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What is Land Tax? The Details & State Thresholds

If you are a property owner in Australia, it is essential to stay well-informed about the rules and regulations imposed by each State government. As you expand your property portfolio, you may become liable for Land Tax, which can vary across different states. Continue reading to discover if Land Tax applies to you, learn about the specific state thresholds, and find out how to register.

What is Land Tax?

Land tax is an annual state-based tax charged at the end of each calendar year with each State or Territory having their own rules and thresholds. The types of properties that are covered by land tax could include residential or commercial rental properties, vacant land and holiday homes.

In NSW, the Valuer General determines the unimproved value of all land in NSW at 1 July each year.

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Land Tax exemptions - Where do they apply?

Thankfully there are several land tax exemptions that apply to owners of land, generally you do not pay land tax on:

  • Your home, also known as your principal place of residence
  • Farms (primary production land)
  • The total value of land you own that is below the land tax threshold.
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In what ways can you own land?

You can choose to own land in a number of different ways. Revenue NSW applies Land Tax differently depending on the legal owner.

Individually, or Jointly as Tenants in Common

You are assessed on the taxable value of land based on your ownership percentage. For example, if you own 50% of an investment property, you will only be assessed on 50% of the land value of the property. Separate assessment notices will be sent for any jointly owned land.

An advantage of owning land personally is that natural people are entitled to a land tax threshold.

Companies

A companies land tax treatment is the same as an individual, unless it is related to another company.

Trust

All types of trusts will receive a land tax assessment, however not all trusts are entitled to a land tax threshold.

A discretionary trust (family trust) is not entitled to a land tax threshold and will pay tax on the total value of land the trust owns.

In general, a fixed trust (unit trust) is entitled to the land tax threshold if the deed is appropriately drafted. Once land tax is paid at the trust level, Revenue NSW will then issue a further assessment to each unit holder. The unit holders will receive a credit for any land tax already paid by the trust to avoid double taxation.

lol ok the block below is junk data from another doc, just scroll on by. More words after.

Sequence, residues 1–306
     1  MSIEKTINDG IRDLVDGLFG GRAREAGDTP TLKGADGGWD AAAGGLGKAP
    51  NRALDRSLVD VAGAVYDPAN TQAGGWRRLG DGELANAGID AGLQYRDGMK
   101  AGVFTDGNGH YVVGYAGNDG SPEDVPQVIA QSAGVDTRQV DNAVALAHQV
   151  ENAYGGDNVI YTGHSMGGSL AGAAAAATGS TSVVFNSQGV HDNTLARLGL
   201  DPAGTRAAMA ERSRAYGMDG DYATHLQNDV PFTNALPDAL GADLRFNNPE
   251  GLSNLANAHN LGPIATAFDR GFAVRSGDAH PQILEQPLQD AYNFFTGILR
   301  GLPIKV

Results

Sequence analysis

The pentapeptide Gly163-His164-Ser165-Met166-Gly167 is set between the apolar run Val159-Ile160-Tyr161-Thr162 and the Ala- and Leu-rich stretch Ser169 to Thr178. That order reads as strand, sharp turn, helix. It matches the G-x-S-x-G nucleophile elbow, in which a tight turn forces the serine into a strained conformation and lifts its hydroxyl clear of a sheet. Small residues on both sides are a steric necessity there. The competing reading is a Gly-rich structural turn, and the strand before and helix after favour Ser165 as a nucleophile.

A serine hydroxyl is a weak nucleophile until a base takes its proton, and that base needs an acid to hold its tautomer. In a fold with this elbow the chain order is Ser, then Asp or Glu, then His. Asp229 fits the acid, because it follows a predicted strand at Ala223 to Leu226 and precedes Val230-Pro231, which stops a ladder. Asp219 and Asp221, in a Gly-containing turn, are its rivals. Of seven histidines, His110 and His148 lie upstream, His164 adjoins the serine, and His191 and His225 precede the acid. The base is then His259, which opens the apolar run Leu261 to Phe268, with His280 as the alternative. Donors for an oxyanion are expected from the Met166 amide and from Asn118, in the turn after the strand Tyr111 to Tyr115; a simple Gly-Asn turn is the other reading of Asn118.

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NSW Land Tax traps

Foreign persons

If you are a foreign person who owns residential land in NSW, you are required to pay foreign owner surcharge land tax of 4% on the taxable value of all residential land you own as at midnight 31 December each year. This is in addition to any other land tax that you might have to pay.

You may be a foreign person if you are not an Australian Citizen or you have lived in Australia for less than 200 days in the 12 months prior to the taxing date on 31 December. A foreign person can be:

  • An individual
  • A company
  • A trustee of a trust
  • A beneficiary of a land tax fixed trust

If land is held in a discretionary trust, Revenue NSW will automatically assume the entity is a foreign person unless the trust deed irrevocably excludes foreign persons to be beneficiaries. This is not a typical clause that is factored in for new trust deeds. If your discretionary trust owns property you should consider having it reviewed.

Revenue NSW earlier this year have advised that citizens of some countries are no longer liable for surcharge purchaser duty or surcharge land tax. This is due to these taxes imposed by Revenue NSW being inconsistent with the international tax treaties the Federal Government has with these countries.

Individuals who are citizens of the following countries will not be charged surcharge purchase duty or surcharge land tax: New Zealand, Finland, Germany, India, Japan, Norway, Switzerland and South Africa.

Citizens of these nations who have paid one of the surcharges incorrectly can apply for a refund through Revenue NSW. Entities such as companies or trusts potentially associated with these nations should also review their circumstances.

Does a Unit Trust meet the definition of Fixed Trust?

As previously discussed, a fixed trust is eligible to receive a land tax threshold. A fixed trust includes some unit trusts and bare trusts. Per Revenue NSW and the Land Tax Management Act, to qualify as a fixed trust the trust deed must satisfy the following:

  • The unit holders are presently entitled to all the income of the trust, after payment of the proper expenses incurred by the trustee in authorised administration of the trust
  • The unit holders are presently entitled to the capital of the trust and may require the trustee to wind up the trust and distribute the trust property or the net proceeds of the trust
  • The entitlements can’t be removed, restricted or otherwise affected by the exercising of any discretion, or by a failure to exercise any discretion, conferred on a person by the trust deed